In spite of limited performance venues, the performing arts are alive in Fayetteville, North Carolina. A recently completed Performing Arts Master Plan and Needs Assessment indicated substantial demand for an outdoor, multi-use performance space. The Performance Pavilion provides such a venue. Additionally, it serves as a major architectural element in the overall plan of the Festival Park. The site of the park is near downtown, on land owned by the City of Fayetteville. The site was a decontaminated brown field used in the 1930’s by a coal de-gasification operation. Clean up was completed in 2003. The USO, an institution in any military town, was also previously located on the site.

In addition to the impact of building on a decontaminated site, other physical features influenced the design. The triangular site is bounded by a major thoroughfare, an active rail line, and a two-lane city street. The site contains numerous specimen cypress trees and is bisected by a creek that is subject to flooding.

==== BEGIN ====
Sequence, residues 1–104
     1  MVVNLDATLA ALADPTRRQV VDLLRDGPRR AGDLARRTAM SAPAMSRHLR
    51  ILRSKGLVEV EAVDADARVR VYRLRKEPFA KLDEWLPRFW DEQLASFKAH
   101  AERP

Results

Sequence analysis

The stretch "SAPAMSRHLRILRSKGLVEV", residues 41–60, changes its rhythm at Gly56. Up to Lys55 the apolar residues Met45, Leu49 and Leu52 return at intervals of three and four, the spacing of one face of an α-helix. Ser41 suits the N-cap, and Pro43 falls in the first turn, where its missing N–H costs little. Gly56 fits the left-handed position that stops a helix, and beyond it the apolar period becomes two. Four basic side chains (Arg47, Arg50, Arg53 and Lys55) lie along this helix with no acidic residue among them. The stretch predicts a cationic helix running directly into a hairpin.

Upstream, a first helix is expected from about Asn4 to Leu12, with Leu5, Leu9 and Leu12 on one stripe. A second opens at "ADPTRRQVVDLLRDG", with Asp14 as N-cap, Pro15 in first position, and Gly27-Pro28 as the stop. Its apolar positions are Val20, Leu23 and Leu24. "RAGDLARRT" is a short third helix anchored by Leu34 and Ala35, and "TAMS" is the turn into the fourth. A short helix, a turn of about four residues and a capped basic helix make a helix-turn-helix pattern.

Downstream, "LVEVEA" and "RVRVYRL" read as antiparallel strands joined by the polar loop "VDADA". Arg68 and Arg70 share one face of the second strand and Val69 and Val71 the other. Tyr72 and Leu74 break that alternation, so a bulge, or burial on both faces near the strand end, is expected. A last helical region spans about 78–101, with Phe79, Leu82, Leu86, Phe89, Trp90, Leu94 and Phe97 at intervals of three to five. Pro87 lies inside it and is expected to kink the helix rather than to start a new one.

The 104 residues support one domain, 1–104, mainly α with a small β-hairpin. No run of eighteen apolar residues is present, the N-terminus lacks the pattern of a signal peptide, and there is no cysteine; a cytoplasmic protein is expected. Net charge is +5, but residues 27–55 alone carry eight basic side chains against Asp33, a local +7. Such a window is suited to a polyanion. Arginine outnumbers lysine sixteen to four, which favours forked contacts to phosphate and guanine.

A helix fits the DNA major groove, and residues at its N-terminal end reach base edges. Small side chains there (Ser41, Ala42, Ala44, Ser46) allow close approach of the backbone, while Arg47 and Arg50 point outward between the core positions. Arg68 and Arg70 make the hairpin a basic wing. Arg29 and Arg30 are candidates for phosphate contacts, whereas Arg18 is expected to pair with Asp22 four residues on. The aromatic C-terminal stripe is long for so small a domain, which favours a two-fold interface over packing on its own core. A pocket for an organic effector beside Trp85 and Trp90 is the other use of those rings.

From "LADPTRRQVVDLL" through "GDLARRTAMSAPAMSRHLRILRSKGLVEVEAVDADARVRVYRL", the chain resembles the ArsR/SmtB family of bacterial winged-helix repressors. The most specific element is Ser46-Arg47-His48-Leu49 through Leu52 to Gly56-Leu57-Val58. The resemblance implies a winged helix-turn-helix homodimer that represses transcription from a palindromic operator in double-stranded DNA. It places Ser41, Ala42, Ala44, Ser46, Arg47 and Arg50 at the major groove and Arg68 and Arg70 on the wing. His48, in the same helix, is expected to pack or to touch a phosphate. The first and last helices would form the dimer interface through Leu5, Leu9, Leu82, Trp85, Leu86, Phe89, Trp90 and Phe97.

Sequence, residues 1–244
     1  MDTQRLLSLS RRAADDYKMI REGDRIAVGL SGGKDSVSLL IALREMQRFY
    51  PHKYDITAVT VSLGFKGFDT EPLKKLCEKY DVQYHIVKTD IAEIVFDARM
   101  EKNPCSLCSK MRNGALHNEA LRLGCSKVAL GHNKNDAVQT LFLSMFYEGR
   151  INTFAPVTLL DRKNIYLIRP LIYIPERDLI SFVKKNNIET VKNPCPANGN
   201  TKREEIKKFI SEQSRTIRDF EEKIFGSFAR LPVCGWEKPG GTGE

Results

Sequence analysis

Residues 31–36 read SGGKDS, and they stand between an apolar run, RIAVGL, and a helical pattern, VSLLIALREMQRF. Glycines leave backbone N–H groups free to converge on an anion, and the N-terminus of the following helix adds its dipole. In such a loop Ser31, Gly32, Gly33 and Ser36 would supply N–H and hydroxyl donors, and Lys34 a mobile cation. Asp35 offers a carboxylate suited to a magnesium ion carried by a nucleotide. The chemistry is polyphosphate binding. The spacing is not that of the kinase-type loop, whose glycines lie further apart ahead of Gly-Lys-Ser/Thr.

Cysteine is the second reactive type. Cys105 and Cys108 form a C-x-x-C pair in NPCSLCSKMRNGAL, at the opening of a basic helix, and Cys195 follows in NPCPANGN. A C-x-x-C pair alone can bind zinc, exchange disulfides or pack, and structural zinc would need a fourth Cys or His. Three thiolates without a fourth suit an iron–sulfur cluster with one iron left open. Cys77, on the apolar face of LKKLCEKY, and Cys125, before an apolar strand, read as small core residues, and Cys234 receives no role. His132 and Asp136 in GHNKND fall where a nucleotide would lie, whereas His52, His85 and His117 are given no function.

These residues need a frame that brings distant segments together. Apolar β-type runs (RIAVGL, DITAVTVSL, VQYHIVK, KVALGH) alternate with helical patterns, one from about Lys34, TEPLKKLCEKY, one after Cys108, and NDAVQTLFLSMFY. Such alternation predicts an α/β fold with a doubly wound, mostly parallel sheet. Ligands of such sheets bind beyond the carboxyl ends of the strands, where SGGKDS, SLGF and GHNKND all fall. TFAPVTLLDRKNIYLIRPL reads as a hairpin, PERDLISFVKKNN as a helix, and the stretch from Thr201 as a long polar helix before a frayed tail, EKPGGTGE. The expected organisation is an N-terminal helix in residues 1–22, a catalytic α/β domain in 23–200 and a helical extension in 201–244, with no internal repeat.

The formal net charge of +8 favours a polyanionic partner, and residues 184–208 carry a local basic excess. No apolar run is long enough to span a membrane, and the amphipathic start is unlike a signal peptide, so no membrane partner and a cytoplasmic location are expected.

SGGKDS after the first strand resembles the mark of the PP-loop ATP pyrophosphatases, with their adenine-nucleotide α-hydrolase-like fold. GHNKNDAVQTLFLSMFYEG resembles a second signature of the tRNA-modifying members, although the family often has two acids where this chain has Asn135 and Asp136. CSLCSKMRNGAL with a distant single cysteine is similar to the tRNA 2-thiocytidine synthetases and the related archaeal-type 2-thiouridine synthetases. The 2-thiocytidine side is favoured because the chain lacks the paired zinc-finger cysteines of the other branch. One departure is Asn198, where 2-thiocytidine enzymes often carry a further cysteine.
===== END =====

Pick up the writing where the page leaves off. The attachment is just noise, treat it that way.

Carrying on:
The 6,000 square foot performance pavilion consists of a covered, elevated stage and back of house functions such as dressing rooms, a staging area, electrical, mechanical, and sound equipment rooms. It is intended that on a daily basis, the pavilion will appear more like a folly than an empty stage. To this end, the back of house functions slide to one side allowing an open view through to the backdrop of existing trees. The combination of the wooden scrim wall extending stage left and the planter and row of trees extending stage right stretches the presence of the pavilion across the end of the site.

This project was done in association with SfL+a Architects.